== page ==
Volvo Cars said on Wednesday it will make the cobalt used in its batteries globally traceable using blockchain technology, following an agreement with its two battery suppliers, China's CATL and South Korea's LG Chem. Volvo, owned by China's Geely Holding, has lined up deals with CATL and LG Chem covering the battery supply over the coming decade for next generation Volvo and Polestar models, including the recently launched electric model XC40 Recharge.

  • Tesla Reaches Preliminary Battery-Supply Deal With CATL
    Bloomberg

    Tesla Reaches Preliminary Battery-Supply Deal With CATL

    (Bloomberg) -- Tesla Inc. has reached a preliminary agreement to start using CATL as a battery supplier for cars made in China from as early as next year, and the companies are in talks to expand the relationship globally, according to people familiar with the matter.Following months of negotiations, the companies clinched a non-binding deal after Tesla Chief Executive Officer Elon Musk traveled to Shanghai in late August and met with CATL Chairman Zeng Yuqun for about 40 minutes, according to the people, who asked not to be named discussing private deliberations. Though a final agreement is expected to be signed by mid 2020, there is no guarantee that will happen, the people said.The batteries would go into Model 3 cars produced at Tesla’s factory near Shanghai, which is slated to begin operating this year. But the companies still need to iron out details such as how many batteries Tesla will purchase, and separate discussions are underway on a potential global supply contract, the people said. Tesla will use batteries from Panasonic Corp. and LG Chem Ltd. in China in the meantime, one of the people said.Securing enough domestic batteries -- the costliest part of an electric vehicle -- is crucial to Musk’s efforts to expand in the world’s biggest car market. Chinese supply would allow Palo Alto, California-based Tesla to rely less on imports, reducing any impact from tariffs that have fluctuated amid the U.S.-China trade war. It’s also likely to please Beijing, which has prioritized the building of a world-leading electric-vehicle ecosystem.CATL rose as much as 7.4% to 78.88 yuan in Shenzhen trading on Wednesday and the stock headed for its highest close since mid-September. Tesla was little changed Tuesday.Representatives for Tesla didn’t respond to requests for comment. LG Chem and CATL declined to comment, while Panasonic wasn’t immediately available to comment.For CATL, whose full name is Contemporary Amperex Technology Co. Ltd., a final agreement would bolster its profile as one of the world’s emerging battery-making powerhouses. The company, based in the southern province of Fujian, already supplies domestic EV startups including NIO Inc., as well as global carmakers Volkswagen AG and Daimler AG.Tesla has been building the Shanghai plant, its first outside the U.S., for the past nine months, with mass production targeted to start at year-end. The company is also building facilities to eventually make batteries, but in the meantime, it’s agreed to purchase them from LG Chem. The South Korean battery maker won’t have exclusive rights to be Tesla’s battery supplier, people familiar with the arrangement said in August.Should Tesla agree to a global agreement, CATL would become its second such battery partner after Osaka, Japan-based Panasonic.What Bloomberg Intelligence Says“It’s a competitive blow to Panasonic as Tesla was relying on the Japanese battery producer only. But it’s a boon for CATL and LG Chem.”\--Kevin Kim, automobiles analystTesla is likely to try having several strong suppliers, giving it negotiating power as they’ll compete and drive down battery prices, said Kevin Kim, an analyst at Bloomberg Intelligence in Hong Kong. Having several partners also helps Tesla diversify risks such as faulty batteries resulting in fires.NIO Jumps 37% After Pact With Intel on Driverless Car TechnologyBatteries make up the bulk of an electric vehicle’s cost, meaning long-term supply deals with top carmakers can easily reach billions of dollars. The price of a China-built Tesla Model 3 will start at about $50,000, cheaper than foes including NIO’s best-selling ES6.(Updates with comment from analyst in 10th paragraph)\--With assistance from Kyunghee Park, Kae Inoue, Dana Hull and Gabrielle Coppola.To contact Bloomberg News staff for this story: Haze Fan in Beijing at hfan40@bloomberg.net;Chunying Zhang in Shanghai at czhang714@bloomberg.netTo contact the editors responsible for this story: Young-Sam Cho at ycho2@bloomberg.net, ;Craig Trudell at ctrudell1@bloomberg.net, Ville Heiskanen, Will DaviesFor more articles like this, please visit us at bloomberg.com©2019 Bloomberg L.P.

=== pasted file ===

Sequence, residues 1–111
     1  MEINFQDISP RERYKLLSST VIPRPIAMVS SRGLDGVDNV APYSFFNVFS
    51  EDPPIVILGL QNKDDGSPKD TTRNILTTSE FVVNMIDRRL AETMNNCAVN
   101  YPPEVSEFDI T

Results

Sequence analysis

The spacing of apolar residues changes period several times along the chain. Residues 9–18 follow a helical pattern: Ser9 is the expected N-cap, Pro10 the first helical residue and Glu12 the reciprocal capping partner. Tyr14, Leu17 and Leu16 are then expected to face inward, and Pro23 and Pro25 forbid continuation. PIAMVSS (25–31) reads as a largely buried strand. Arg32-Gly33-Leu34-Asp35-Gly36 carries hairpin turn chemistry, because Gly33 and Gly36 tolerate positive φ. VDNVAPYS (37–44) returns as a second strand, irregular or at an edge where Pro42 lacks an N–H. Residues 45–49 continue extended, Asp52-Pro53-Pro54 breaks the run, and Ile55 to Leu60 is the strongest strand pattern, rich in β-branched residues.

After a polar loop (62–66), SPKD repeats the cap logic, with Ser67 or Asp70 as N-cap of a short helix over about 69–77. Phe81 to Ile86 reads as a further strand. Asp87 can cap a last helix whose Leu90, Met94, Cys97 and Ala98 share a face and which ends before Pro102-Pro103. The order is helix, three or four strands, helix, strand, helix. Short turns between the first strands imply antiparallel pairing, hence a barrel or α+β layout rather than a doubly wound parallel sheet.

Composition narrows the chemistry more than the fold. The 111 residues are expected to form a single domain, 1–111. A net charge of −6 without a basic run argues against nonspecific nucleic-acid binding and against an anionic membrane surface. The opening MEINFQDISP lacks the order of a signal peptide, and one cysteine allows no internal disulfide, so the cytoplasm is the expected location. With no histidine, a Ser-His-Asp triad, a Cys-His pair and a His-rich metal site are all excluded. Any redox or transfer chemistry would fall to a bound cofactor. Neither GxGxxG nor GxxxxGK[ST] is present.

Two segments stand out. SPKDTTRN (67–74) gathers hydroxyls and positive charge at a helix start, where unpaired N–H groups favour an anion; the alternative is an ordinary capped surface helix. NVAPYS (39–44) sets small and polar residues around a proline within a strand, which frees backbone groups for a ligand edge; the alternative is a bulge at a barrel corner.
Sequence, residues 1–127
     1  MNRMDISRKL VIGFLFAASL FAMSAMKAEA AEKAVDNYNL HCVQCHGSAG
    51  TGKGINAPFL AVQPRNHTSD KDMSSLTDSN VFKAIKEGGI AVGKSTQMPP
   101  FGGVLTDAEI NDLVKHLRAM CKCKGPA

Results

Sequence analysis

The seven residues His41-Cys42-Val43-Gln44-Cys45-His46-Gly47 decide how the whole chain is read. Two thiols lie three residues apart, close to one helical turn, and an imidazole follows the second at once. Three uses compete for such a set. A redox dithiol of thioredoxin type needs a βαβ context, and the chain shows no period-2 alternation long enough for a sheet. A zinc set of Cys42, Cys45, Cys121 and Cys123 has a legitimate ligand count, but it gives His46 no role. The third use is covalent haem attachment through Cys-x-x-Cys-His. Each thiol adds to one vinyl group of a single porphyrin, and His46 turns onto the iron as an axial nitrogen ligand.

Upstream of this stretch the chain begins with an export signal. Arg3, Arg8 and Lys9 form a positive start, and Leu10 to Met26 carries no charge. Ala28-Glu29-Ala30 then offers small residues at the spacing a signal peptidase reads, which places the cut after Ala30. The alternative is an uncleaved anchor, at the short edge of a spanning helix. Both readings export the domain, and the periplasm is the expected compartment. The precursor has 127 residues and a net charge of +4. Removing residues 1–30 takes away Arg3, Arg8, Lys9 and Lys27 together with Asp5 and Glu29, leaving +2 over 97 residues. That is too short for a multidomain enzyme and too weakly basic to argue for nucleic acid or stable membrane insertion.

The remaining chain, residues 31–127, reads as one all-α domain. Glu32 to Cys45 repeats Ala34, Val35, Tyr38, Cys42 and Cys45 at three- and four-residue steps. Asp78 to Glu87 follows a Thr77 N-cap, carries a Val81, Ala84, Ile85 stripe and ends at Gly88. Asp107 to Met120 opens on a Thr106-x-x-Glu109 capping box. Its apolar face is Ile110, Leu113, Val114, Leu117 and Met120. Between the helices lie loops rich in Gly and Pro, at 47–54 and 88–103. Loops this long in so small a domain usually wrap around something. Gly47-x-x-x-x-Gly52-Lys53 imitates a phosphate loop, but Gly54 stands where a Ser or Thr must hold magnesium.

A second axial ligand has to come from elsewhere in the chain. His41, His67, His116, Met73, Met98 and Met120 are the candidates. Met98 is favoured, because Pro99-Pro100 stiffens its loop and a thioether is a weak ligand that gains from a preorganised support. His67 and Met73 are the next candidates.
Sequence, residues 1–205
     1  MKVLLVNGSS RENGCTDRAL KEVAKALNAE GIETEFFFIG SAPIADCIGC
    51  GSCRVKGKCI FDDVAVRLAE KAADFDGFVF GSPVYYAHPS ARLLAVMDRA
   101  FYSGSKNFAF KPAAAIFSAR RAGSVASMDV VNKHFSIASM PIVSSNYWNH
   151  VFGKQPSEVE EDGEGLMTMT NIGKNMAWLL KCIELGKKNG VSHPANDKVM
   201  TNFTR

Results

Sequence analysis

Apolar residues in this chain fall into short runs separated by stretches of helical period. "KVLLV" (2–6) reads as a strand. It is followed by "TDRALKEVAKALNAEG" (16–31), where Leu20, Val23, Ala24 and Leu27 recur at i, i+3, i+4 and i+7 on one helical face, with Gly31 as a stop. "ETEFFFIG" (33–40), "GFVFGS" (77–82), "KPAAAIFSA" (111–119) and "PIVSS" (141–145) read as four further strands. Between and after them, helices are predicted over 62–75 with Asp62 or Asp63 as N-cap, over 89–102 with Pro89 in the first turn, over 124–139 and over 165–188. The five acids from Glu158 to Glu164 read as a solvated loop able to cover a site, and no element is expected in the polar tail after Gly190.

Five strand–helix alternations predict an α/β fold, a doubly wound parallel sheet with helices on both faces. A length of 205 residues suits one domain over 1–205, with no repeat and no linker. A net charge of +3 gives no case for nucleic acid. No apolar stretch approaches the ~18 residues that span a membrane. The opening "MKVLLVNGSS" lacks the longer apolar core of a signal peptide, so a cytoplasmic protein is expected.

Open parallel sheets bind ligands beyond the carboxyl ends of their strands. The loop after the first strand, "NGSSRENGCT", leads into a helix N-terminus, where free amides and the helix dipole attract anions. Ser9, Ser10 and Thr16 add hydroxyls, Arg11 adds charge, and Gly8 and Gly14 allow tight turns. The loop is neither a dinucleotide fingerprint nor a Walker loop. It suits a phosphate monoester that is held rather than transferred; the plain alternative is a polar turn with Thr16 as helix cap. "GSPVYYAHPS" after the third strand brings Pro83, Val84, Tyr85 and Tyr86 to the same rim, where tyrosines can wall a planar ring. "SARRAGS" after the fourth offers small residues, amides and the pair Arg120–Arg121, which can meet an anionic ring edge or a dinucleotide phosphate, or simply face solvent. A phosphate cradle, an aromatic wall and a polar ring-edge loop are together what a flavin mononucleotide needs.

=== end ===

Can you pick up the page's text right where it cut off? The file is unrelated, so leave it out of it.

• Reuters

    LG Chem sees electric vehicles accounting for 15% of all car sales in 2024